To Live A Lie Records has long been the purveyor of the finest in grindcore, fastcore, and power violence. Mining scenes both Stateside and international, the eye-popping cadre of label head Will Butler's roster is an impecabbly assembled stable of damaged hardcore. Home to long-running scene staples like Agathocles, Magrudergrind, Unholy Grave; there's also choice cuts from Midwestern audio terrorists Sick/Tired and XBRANIAX. TLIA has even released Conga Fury, a personal favorite of mine.
Having already decimated eardrums in Oxidant, a crucial power violence unit out of North Carolina, Butler’s new band Tired of Everything is set to drop a scorching hot demo entitled Silenced on Nov. 9. Who’s releasing it, you ask? When it’s this fire, best to keep this shit in-house. Even after running the label for a decade plus, Tired of Everything has him momentarily shelving the owner's manual for an altogether new endeavor... that of frontperson. In much the same way that the label's bands all seem to exist outside of the impossibly heavy zeitgeist, there's a "lifer" vibe to the straightforward hardcore on display throughout the demo's six scorchers.
This is hardcore punk done by punks, informed by years of experience. Rounded out by Eli, Matt, and Ryan; Silenced is a master class in tight hardcore punk.
There's a definitive and undeniable musicality to their attack that one doesn't necessarily hear on say, a Belgian mincecore opus. Pace, though mostly set to "fast/faster" is employed as a nuanced asset, avoiding the limitations of genre signposts. While still informed by power violence, it’s more in the blackened tapestry of lyrics and the hints of dive bomb fury as opposed to the pummeling speed. The guitars struggle to stay behind the starting line and are a beautiful mess of frantic and precise. The drum sound is impeccable, both in the razor-sharp punk edge of the snare and the crustier tom runs on song intros and breakdowns. There haven’t been many moments lately when straightforward, punk-influenced hardcore has been this good. It calls to mind the more punk adjacent moments of Coke Bust, the blistering but straightforward elements of Total Abuse, Green Beret, and Boston Strangler.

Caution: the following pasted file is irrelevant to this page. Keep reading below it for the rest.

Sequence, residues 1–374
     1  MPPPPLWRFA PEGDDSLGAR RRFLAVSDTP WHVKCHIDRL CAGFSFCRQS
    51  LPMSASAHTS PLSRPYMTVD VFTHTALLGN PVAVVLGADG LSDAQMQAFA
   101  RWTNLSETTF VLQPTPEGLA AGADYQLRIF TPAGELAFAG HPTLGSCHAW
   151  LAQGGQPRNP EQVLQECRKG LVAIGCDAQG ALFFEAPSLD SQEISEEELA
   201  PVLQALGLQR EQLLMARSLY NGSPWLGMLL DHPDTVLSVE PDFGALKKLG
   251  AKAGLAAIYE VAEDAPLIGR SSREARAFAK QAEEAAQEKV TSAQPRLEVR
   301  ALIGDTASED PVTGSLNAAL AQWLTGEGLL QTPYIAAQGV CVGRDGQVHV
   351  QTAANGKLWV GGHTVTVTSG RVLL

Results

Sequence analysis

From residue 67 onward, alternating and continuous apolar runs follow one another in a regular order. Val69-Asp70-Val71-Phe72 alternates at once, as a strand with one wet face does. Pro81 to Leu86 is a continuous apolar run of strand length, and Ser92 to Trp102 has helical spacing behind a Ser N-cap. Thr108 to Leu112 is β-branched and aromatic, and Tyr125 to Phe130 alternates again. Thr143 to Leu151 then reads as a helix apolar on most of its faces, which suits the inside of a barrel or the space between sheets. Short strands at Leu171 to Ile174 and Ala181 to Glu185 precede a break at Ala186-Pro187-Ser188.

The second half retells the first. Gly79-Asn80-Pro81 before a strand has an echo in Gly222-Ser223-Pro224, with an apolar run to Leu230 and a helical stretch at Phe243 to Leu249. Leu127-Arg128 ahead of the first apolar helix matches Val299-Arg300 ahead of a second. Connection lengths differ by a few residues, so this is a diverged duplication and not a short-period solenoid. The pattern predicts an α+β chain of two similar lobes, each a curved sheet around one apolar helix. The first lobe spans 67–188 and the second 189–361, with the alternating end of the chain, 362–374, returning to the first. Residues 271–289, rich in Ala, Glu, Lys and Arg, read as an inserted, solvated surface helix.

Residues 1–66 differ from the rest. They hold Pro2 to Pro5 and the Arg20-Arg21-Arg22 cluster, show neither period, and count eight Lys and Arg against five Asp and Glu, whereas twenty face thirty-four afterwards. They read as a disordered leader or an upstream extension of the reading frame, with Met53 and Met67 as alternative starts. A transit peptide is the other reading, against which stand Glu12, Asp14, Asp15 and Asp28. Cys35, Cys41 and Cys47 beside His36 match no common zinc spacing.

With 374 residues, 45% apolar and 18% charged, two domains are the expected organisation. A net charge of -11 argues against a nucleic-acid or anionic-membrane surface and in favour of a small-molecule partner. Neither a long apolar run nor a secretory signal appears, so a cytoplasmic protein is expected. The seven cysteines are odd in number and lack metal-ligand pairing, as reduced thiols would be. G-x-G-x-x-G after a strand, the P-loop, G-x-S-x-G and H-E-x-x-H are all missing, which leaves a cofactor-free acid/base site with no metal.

Vocally, Butler manages a snottiness and sneer that, when done this well, makes Hardcore that exists outside of time, defying all comers to define it or time stamp it. It's as if the lyrics are being shouted maniacally through your alarm clock via a busted megaphone, at once distant and immediate. Either way, it’s a hand around your throat. As a long-standing fixture in the power violence and grind scenes, one would certainly expect the gnarled and sudden impact of “Silence” but the surprise is the group’s tight grip on a good melody, however distorted and damaged it might be. There’s an anthemic quality to the “gone in an instant” choruses that’s altogether more difficult to find in the label’s discography. There’s an adherence to and reverence for serving the song that seems to suggest a band that’s immune to the cynicism inherent in a lifetime of playing hardcore, instead pointing to an enlivened take bolstered by Butler’s first foray behind the mic.
For my money, “Mental Hell” is the real breadwinner of the bunch. As a sufferer of serious depression myself, there’s an agonizing realism to the song. The reluctant nihilism I’d the lyrics is a clear match for the suffocation of the instruments as they clash and clang against each other, the drums threatening to collapse in on themselves. There’s a trapped vibe on “Mental Hell” that feels like a thematic callback to Flag’s “Depression” or Cold Sweat’s self-loathing masterpiece, “Blinded.
Recorded 9/22/18 at Legitimate Business in Greensboro, NC by Kris Hilbert and Mastered by Jirix-Mie Paz, there’s a clarity to the recording seldom heard on a demo. Pick it up here, y’all. You won’t be sorry.
Tagged: tired of everything